15. SugarFree, got any recipes for a bottle of Tanqueray spiked with a bag of redhots (stupid niece)?

    1. Ugh.

      Cinnamon in stick form and sugar is part of making Sloe Gin. I don’t suppose you have access to a sloe berry bush?

      Failing that, I’d keep it in the freezer and use it for “I dare you” shots.

      1. Funny you mention that. Her father is my bro-law who grows his own grapes and berries and a lot of other things (figs off of the tree are incredible). I don’t know about sloe berry bushes but if anyone has one or two in my area, it would be him.

        And, yeah, it makes a good ‘dare you’ drink. I tried a shot last night. Seems quite concentrated in the cinnamon.

    2. Throw in some cloves and mace to steep, then mix it with cider come fall?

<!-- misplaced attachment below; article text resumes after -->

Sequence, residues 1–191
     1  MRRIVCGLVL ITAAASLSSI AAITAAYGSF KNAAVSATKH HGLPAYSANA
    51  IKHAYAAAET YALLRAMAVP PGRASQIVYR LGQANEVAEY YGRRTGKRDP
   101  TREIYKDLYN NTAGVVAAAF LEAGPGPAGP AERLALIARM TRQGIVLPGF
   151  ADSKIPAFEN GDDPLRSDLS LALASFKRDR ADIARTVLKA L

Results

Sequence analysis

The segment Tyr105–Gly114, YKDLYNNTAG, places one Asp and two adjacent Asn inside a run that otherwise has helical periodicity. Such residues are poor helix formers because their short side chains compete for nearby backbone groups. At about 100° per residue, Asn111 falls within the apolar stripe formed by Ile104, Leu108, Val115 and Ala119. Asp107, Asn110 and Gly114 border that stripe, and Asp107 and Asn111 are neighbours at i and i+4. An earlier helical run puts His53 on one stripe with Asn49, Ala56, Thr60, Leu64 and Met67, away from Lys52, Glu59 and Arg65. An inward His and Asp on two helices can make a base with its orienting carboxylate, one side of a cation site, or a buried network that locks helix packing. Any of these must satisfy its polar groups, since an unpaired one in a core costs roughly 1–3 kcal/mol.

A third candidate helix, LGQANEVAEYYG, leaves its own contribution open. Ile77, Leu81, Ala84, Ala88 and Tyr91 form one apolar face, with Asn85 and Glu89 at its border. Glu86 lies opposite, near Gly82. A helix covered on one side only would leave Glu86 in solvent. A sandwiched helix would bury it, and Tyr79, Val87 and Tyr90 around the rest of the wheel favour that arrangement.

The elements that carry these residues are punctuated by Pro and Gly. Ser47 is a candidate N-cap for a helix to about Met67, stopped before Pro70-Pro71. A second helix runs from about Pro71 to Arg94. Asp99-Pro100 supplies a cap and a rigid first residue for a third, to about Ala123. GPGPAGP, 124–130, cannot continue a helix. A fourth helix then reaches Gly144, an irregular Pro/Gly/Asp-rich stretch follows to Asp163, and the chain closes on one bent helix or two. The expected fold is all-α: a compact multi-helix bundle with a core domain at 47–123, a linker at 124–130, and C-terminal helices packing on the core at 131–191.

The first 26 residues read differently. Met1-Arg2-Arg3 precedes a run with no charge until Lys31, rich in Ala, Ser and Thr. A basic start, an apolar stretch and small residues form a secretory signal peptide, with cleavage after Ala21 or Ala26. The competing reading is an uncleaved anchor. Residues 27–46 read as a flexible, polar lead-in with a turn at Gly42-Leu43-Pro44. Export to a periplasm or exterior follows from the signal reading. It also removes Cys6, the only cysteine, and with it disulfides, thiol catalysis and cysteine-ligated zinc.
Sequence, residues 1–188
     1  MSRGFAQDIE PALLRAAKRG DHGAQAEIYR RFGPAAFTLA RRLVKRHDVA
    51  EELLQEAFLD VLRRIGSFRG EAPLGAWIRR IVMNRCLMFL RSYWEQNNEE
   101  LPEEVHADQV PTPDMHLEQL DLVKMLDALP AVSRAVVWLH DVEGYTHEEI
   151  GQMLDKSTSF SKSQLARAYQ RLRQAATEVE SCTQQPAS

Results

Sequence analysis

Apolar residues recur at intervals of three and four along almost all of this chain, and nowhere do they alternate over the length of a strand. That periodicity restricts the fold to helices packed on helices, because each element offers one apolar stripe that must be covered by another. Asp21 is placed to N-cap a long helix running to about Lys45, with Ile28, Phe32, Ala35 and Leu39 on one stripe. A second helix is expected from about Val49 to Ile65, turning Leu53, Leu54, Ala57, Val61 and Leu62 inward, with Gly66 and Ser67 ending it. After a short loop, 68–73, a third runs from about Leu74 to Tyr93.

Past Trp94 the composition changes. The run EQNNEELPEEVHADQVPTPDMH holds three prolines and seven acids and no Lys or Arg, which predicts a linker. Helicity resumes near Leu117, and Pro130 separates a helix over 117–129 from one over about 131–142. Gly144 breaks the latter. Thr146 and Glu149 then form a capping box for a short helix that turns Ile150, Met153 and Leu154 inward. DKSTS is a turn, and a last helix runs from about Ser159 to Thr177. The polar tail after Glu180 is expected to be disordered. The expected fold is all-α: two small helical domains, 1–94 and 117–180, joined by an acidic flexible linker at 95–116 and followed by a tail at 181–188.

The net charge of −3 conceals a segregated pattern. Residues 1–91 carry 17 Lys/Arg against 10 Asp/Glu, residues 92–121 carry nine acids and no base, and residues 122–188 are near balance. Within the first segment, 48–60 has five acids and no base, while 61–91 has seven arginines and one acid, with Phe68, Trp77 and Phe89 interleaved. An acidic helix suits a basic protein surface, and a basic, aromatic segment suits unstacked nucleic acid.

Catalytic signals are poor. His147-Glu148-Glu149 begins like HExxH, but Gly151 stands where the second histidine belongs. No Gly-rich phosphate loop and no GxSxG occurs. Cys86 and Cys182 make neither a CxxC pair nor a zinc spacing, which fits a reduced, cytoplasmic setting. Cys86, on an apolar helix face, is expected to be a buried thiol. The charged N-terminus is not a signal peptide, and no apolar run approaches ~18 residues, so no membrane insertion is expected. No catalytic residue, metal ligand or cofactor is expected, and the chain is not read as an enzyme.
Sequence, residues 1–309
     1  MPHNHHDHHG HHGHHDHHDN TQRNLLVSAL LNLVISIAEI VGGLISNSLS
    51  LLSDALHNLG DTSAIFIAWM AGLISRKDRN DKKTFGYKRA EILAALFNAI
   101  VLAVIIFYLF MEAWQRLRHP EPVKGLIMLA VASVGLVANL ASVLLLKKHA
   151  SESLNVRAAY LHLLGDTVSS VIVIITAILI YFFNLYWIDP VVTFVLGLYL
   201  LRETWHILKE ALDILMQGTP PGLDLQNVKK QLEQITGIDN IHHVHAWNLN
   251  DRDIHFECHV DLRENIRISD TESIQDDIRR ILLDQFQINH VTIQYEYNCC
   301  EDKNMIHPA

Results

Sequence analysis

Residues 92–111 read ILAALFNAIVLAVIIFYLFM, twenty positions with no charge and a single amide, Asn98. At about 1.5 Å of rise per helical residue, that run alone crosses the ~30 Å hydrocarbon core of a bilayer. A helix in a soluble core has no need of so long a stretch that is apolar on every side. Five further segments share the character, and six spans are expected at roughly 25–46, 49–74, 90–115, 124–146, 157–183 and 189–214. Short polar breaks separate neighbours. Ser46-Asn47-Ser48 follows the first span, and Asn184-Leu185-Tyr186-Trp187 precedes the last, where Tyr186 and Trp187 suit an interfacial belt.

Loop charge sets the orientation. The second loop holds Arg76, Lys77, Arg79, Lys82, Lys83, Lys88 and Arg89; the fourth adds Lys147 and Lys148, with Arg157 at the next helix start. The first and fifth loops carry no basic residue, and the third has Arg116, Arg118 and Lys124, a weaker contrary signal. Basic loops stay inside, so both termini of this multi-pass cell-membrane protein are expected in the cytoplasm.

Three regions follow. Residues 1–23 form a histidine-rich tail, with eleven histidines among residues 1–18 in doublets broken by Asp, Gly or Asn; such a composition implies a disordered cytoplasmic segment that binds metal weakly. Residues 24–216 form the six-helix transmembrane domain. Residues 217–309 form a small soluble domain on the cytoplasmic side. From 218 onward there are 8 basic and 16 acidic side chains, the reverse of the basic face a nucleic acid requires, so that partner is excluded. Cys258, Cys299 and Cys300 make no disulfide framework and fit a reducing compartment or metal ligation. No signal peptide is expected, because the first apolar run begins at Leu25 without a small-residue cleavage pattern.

Of course, that’s probably illegal.

  16. This post and thread just screams “cosmotarian”.

    1. At least it isn’t screaming “cosmopolitan”.

  17. I wish I could get tonic water with the amount of quinine in it the British East India Company used

  18. As I understand it salmonella can be in raw egg yolks but not the whites and i have never heard of egg white or meringue not used in food. Raw egg yolk can be a problem however and should be cooked, if a recipe calls for raw egg yolk and milk combine and scald milk to 180 degrees F. Pasteurized eggs are sold at most supermarkets.

    1. I thought the whole article was going to be about the safety of using raw eggs. Thank God it was just another Meth(yl Alcohol) Scare.

      I went through an ancient paperback of old school cocktail recipes when i turned 21. Egg fizzes were some of the 1st things i tried. Not something I like to have more than 1 of….but neat.